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Agriculture

U.S. Egg Prices Explained

Everyone has been talking about the drastic rise in egg prices here in the U.S. According to the Bureau of Labor Statistics, the price of eggs has increased 120% from January to December of 2022. Now, I’m just a small scale farmer from the Adirondacks, but I happen to be a farmer who has studied agriculture for six years of my life at the undergraduate and graduate levels, so I do have a solid handle on agricultural economics, and some thoughts as to why the prices are what they are.

The United States is currently experiencing a massive outbreak of avian influenza, commonly known as bird flu. The Centers for Disease Control and Prevention state that 49 million birds across 46 states have either died or been culled due to avian influenza. This disease is highly contagious, and is a reportable disease, meaning that suspected cases must be reported to state veterinary officials. If an infection is confirmed, state officials must depopulate all of the farm’s birds to prevent the virus from spreading. Tens of millions of laying hens have been lost, as well as breeding stock and young pullets being raised to become future laying hens.

Not only have farmers been coping with the threat of bird flu looming over their heads, they have been faced with large increases in the cost of labor and feed. With the job market being favorable to job seekers, it has been difficult for farms to maintain an adequate number of laborers, who are often working long, hard hours for little pay. Corn and soybeans, both important ingredients in most livestock feeds, reached record high prices in 2022 and remained at these levels after the harvest. Many factors are currently affecting the global grain market, one of which is the war in Ukraine. Ukraine is a critical producer of grain and oilseeds, with exports totaling $27.8 billion in 2021. Although a deal with Russia has been brokered by the UN to move stored grain out of the country, Russia has already broken the agreement once, leaving room for doubt as to its continuation in the future.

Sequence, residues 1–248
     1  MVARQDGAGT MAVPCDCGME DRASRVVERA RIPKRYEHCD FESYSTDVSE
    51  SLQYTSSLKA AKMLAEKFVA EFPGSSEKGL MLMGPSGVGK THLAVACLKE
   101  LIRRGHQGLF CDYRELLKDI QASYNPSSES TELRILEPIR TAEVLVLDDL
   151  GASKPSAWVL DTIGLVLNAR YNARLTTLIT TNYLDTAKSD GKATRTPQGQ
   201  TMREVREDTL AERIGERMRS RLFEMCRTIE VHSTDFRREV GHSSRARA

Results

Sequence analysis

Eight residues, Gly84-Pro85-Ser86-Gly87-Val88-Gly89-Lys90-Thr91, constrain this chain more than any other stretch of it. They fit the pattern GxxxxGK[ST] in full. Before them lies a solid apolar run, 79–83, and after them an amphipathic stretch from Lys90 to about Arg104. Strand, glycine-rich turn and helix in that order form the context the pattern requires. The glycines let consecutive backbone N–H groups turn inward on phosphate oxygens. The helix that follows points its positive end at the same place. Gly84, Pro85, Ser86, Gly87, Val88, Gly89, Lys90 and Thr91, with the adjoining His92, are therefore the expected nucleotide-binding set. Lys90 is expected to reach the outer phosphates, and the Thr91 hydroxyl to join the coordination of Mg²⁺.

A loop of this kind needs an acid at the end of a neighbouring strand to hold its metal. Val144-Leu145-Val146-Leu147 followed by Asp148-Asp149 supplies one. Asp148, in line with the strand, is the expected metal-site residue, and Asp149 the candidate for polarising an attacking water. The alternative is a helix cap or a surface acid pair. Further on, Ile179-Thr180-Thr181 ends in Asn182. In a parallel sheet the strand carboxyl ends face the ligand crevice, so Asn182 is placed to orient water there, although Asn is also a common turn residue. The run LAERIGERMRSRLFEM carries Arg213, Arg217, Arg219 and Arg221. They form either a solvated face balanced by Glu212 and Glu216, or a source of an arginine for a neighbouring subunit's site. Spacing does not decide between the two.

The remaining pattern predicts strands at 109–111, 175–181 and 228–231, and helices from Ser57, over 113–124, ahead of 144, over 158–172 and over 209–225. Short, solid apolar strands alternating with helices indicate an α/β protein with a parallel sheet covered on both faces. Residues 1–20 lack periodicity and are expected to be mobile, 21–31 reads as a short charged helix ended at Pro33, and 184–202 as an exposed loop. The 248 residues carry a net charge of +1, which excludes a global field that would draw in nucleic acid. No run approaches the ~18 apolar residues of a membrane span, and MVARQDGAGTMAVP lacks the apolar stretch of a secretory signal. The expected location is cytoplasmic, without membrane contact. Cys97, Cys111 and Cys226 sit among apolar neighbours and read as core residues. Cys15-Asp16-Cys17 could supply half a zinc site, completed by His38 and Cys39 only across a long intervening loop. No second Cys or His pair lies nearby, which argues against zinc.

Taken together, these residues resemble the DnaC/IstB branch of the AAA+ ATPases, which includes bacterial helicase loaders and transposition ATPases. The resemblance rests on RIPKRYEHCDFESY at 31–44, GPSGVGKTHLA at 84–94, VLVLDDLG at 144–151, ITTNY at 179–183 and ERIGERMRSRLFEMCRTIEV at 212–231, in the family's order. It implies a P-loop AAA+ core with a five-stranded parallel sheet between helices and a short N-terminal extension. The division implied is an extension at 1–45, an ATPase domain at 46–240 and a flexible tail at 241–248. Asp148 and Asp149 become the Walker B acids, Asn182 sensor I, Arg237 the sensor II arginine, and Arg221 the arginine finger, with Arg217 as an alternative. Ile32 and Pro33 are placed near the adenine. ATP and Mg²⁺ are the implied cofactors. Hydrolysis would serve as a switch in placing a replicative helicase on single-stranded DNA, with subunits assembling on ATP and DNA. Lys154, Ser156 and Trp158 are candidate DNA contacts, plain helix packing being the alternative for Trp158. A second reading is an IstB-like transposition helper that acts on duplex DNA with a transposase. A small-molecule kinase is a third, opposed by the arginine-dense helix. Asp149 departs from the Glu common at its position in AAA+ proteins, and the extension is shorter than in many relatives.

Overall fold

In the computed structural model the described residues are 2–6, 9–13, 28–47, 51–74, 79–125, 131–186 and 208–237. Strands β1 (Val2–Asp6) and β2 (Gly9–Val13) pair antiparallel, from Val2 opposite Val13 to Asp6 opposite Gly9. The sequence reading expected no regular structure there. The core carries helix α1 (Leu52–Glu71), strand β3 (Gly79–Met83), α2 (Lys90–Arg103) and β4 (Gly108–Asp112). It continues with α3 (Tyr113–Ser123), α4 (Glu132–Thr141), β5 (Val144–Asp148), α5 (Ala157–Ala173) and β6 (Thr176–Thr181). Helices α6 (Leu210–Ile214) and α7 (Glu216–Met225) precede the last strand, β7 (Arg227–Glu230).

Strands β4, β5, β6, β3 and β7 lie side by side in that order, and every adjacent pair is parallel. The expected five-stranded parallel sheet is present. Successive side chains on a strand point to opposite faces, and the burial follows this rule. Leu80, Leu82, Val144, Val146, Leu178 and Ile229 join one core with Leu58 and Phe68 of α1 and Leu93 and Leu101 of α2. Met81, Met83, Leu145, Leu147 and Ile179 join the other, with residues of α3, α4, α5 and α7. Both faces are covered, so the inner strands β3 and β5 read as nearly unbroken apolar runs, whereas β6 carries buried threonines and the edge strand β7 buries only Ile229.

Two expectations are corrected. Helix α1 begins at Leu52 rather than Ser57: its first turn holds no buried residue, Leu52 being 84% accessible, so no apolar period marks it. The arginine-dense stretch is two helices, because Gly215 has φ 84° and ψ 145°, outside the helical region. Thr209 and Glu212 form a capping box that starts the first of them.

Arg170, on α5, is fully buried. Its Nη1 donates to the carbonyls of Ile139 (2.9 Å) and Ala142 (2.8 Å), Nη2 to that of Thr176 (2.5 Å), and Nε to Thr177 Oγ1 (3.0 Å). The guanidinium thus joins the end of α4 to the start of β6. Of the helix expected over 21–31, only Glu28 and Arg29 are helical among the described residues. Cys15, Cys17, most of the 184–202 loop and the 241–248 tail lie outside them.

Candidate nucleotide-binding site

The bottom line is that the food security that many Americans have come to enjoy is not guaranteed. We saw major disruptions to the supply chain during the height of the pandemic, and we’ve been seeing them ever since. We need to decentralize the American food system to promote resiliency within it; the best way to do this is by supporting the small scale farms in our local communities!

Works Referenced

https://data.bls.gov/timeseries/APU0000708111

https://www.cdc.gov/flu/avianflu/spotlights/2022-2023/nearing-record-number-avian-influenza.htm#:~:text=Since%20early%202022%2C%20more%20than,outbreak%20that%20occurred%20in%202015.

https://www.farmdocdaily.illinois.edu/2022/11/tempered-expectations-for-2022-23-supply-and-demand-for-corn-and-soybeans.html#:~:text=Yield%20prospects%20for%20the%202022,-%2415%2Fbushel%20for%20soybeans.

https://www.wilsoncenter.org/blog-post/ukraine-russia-grain-deal-success-or-failure

https://www.fas.usda.gov/sites/default/files/2022-04/Ukraine-Factsheet-April2022.pdf

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